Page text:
August 24th. 1868.
I have arrived here from Wellington, authorised by the Government Agent, to take such steps as may be required in the present position of affairs in this district.
I accordingly put myself into communication with you, to obtain such information as seems necessary for the Wairoa district.
I find, on enquiring, that nothing really definite is known as to the present position of the ex-prisoners, or their movements, since the date of the engagement that took place between them and Col. Whitmore's force, beyond that these prisoners were seen on Puketapu Hill, four miles further on than the late engagement, on the 19th. inst.
It is most important to obtain information on this subject; and I write now to request you to use every exertion to obtain the services of a native Scouting party to ascertain as quickly as possible whether the enemy have retreated from Puketapu to Maungapowhetu. A knowledge of the enemy's movements is essential, before arranging any plans for the
security of the district. I feel sure I need not press upon the importance of prompt action, and I shall communicate at once to the Government that I am relying on information from you before taking any further steps.
Major Fraser inclines to think that the enemy are still at Puketapu. Others have a different opinion. Major Fraser recommends Nama, Ihakara, Te Waru, and Reihana, as the best people to employ, in obtaining this information. You, however, will be best qualified to judge upon this point. Rations for the party, Major Fraser informs me, are available at Wairoa. Expedition in obtaining the information sought, is the most important point, to getting the information itself; and I shall trust to hear from you by the end of the present week. The bearer of this is sent by Major Fraser, and will remain at Wairoa to bring your reply.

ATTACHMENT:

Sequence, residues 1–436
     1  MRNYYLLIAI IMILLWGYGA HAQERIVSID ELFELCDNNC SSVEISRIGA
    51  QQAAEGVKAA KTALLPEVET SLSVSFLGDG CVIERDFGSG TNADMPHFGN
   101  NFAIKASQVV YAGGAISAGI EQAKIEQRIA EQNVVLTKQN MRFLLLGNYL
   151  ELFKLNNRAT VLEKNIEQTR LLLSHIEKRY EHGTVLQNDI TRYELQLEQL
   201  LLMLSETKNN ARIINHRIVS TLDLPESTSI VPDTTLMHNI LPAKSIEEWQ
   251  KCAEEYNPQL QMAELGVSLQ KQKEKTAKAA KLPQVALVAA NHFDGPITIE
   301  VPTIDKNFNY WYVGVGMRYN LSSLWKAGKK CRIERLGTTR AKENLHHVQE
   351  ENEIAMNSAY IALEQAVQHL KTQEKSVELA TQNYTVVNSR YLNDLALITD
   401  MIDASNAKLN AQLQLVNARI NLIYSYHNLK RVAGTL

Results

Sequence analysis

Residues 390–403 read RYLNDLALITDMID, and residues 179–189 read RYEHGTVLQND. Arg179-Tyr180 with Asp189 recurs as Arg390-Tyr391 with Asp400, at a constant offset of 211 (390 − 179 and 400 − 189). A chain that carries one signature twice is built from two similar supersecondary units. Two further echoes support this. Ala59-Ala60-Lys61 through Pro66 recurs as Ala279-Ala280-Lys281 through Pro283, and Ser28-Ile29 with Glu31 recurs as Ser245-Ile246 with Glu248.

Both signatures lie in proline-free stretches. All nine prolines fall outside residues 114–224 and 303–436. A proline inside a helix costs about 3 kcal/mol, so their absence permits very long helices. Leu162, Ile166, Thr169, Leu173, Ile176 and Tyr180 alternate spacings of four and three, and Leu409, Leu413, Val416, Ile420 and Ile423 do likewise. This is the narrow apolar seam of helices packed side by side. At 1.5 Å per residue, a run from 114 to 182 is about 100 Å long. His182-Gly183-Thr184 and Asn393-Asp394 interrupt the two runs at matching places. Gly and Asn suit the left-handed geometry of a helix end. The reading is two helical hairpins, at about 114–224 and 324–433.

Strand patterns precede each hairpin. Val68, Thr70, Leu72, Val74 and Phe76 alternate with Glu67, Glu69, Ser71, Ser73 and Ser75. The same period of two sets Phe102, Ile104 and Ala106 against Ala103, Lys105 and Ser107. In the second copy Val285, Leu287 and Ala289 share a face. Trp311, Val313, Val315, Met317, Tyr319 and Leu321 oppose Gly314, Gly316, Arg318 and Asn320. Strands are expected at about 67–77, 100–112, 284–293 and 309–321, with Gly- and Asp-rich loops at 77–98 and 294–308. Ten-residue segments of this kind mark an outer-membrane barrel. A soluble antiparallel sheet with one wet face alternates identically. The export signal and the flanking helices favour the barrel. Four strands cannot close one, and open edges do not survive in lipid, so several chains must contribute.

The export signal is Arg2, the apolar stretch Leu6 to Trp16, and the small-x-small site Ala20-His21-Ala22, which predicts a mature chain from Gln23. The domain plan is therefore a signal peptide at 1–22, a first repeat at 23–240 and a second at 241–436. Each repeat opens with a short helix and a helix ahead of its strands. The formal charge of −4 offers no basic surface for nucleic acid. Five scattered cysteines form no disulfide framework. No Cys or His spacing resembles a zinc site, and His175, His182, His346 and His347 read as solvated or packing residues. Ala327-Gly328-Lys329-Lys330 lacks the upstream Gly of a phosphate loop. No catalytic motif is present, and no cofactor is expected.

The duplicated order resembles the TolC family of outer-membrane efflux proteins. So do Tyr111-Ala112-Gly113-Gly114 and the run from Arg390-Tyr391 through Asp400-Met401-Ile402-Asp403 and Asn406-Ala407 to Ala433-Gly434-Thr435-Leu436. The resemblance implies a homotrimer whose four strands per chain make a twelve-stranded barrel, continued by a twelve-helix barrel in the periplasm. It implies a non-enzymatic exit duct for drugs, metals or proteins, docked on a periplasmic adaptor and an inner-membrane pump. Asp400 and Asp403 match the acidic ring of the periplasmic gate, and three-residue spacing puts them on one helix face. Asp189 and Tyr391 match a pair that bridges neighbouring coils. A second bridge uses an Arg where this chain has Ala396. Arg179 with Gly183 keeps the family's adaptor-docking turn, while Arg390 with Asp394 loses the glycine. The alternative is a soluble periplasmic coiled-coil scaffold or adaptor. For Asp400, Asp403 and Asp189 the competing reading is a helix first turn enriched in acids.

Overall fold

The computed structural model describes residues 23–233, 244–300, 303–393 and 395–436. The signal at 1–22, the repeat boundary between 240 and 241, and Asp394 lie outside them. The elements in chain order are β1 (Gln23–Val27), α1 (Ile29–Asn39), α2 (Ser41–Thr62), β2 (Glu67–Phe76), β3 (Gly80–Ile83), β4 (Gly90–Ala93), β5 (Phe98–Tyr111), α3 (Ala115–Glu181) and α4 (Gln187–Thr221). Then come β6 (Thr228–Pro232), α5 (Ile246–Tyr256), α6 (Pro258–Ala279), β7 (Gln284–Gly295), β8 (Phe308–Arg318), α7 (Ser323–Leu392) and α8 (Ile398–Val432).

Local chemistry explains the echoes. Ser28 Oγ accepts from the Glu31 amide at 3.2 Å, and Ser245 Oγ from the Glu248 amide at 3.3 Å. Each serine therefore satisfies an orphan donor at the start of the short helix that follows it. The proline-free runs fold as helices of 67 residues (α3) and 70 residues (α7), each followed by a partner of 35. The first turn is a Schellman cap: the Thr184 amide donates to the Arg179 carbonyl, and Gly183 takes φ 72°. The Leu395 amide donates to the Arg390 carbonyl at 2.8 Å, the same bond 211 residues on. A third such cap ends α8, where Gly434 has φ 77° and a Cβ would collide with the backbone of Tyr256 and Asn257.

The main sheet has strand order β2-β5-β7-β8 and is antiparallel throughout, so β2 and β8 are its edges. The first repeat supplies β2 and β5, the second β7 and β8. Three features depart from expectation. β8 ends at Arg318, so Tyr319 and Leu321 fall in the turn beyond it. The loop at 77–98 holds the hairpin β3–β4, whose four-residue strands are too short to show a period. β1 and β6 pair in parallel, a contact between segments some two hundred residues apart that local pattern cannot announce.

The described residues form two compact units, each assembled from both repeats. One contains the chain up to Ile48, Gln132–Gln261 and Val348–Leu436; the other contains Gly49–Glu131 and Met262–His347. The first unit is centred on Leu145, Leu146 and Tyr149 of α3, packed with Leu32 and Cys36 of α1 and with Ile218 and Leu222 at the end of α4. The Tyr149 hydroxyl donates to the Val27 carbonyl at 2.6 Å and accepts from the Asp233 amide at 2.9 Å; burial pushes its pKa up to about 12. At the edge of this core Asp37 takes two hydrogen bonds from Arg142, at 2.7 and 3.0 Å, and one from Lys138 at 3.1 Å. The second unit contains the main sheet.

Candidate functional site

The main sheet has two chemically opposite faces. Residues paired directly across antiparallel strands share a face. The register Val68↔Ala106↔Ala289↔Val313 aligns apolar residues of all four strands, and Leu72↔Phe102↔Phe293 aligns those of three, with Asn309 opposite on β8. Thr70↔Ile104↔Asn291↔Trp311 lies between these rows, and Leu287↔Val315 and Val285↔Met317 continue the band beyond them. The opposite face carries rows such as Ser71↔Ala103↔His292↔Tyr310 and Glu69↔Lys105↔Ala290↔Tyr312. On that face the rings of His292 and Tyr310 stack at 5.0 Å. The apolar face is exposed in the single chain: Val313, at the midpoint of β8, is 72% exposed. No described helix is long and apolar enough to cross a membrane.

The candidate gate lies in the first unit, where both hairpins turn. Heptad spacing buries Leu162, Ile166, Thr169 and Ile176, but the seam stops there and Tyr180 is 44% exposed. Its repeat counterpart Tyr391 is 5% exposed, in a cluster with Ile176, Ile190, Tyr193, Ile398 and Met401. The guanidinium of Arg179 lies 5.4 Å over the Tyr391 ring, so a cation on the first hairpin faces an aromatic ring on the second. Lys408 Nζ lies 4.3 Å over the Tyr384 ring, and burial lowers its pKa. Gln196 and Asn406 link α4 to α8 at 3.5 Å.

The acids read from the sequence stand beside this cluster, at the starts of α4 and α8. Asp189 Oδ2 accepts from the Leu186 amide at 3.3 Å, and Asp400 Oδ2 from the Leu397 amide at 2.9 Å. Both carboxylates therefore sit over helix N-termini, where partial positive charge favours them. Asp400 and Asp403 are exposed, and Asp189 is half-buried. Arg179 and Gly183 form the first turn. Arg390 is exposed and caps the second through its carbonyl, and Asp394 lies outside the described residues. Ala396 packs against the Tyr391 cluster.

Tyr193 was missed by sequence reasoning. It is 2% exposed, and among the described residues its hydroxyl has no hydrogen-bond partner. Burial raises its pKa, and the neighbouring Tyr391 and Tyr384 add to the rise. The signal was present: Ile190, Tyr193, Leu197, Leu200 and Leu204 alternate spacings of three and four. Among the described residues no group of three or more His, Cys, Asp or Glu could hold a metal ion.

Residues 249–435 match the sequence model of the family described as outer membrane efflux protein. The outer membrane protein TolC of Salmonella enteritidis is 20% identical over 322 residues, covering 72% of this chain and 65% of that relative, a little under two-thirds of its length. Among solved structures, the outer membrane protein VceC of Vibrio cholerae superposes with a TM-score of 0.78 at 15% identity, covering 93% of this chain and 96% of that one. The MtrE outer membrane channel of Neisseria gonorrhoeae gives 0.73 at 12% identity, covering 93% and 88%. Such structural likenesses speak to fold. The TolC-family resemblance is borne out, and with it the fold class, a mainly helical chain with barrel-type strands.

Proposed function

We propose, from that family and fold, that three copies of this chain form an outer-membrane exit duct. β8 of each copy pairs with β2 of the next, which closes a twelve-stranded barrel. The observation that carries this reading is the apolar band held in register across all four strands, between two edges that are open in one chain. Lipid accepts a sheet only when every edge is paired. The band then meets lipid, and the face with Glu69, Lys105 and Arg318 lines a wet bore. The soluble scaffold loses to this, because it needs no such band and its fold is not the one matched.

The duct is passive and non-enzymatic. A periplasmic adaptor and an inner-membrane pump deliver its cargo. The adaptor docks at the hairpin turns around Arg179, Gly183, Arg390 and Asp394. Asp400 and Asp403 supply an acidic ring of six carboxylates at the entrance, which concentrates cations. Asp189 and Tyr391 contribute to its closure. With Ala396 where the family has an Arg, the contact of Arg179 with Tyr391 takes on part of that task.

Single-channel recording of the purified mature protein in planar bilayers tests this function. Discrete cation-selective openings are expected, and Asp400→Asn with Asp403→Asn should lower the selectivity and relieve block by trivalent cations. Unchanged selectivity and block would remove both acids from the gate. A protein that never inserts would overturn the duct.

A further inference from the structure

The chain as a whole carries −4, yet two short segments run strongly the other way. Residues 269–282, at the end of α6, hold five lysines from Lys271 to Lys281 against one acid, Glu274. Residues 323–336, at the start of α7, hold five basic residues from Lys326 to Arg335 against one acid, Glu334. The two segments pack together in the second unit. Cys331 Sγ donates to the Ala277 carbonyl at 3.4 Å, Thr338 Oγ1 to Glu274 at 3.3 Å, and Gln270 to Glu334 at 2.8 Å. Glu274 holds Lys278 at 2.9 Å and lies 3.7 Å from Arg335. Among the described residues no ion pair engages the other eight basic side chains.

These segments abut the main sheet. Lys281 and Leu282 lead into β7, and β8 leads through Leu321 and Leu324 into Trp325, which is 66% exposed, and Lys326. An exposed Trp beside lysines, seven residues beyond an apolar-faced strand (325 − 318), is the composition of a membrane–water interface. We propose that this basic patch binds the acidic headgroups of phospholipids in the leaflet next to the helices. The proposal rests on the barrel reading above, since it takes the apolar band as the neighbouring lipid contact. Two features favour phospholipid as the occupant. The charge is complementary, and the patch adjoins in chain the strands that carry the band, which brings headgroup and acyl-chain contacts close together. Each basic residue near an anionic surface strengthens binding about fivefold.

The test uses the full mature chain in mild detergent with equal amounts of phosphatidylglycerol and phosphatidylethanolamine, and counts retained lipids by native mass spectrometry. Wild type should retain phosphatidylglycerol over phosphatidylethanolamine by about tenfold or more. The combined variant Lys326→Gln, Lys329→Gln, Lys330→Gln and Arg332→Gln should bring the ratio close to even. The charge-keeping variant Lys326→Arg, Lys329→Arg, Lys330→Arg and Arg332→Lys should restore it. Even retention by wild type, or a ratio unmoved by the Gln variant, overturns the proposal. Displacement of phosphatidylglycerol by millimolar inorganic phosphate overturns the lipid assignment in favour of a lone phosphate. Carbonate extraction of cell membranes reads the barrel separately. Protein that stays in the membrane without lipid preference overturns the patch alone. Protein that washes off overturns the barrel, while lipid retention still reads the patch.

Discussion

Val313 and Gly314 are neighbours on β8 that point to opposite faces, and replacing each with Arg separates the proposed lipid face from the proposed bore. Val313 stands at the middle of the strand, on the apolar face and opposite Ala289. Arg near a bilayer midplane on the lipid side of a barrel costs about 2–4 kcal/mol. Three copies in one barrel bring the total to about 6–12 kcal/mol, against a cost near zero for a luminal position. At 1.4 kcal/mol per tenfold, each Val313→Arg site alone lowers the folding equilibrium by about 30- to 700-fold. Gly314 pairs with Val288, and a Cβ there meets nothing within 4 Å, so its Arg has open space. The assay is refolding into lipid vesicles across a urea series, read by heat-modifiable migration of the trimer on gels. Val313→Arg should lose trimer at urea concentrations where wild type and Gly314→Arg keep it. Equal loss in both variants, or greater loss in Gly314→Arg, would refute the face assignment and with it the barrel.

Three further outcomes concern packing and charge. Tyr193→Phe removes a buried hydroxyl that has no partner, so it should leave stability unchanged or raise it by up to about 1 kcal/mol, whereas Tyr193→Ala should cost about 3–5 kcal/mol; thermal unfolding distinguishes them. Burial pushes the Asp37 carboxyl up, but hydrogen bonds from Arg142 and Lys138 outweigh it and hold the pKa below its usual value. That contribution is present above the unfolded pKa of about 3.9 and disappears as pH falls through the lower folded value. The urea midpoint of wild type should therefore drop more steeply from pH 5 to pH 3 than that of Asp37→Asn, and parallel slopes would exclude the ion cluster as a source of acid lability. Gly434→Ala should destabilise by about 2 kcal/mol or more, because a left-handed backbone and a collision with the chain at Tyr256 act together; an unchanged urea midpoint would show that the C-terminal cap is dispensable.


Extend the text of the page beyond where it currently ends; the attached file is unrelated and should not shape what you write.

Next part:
The necessary expense of the Scouting party will be paid by the Government on your certificate; and the terms I must leave to you to arrange. Should the Scouting party find the enemy have retired, they should have instructions to seek for, and bury, the bodies of our men left on the scene of the late engagement.
In the event of the Scouts finding the enemy posted at Puketapu, please collect all information in your power, as to the source from which they draw their supplies, and any other information you may deem need-ful; also how your Wairoa natives are disposed, and what assistance can be calculated upon from them, should the course of events require the protection of the Wairoa.
I hear Ihaka Whanga is discontented at the late proceedings. Should events require it, every exertion should be made to secure his co-operation. We heard of this in Wellington before I left, and Mr. McLean had no doubt that if it were so, you could, with little difficulty, secure him.
I have only to urge that you will use the utmost expedition possible in obtaining the desired information as to the enemy's movements; and relying upon hearing from you at the earliest possible date.
I am ete,
Acting for the General Govt. Agent.
S. Deighton Esq.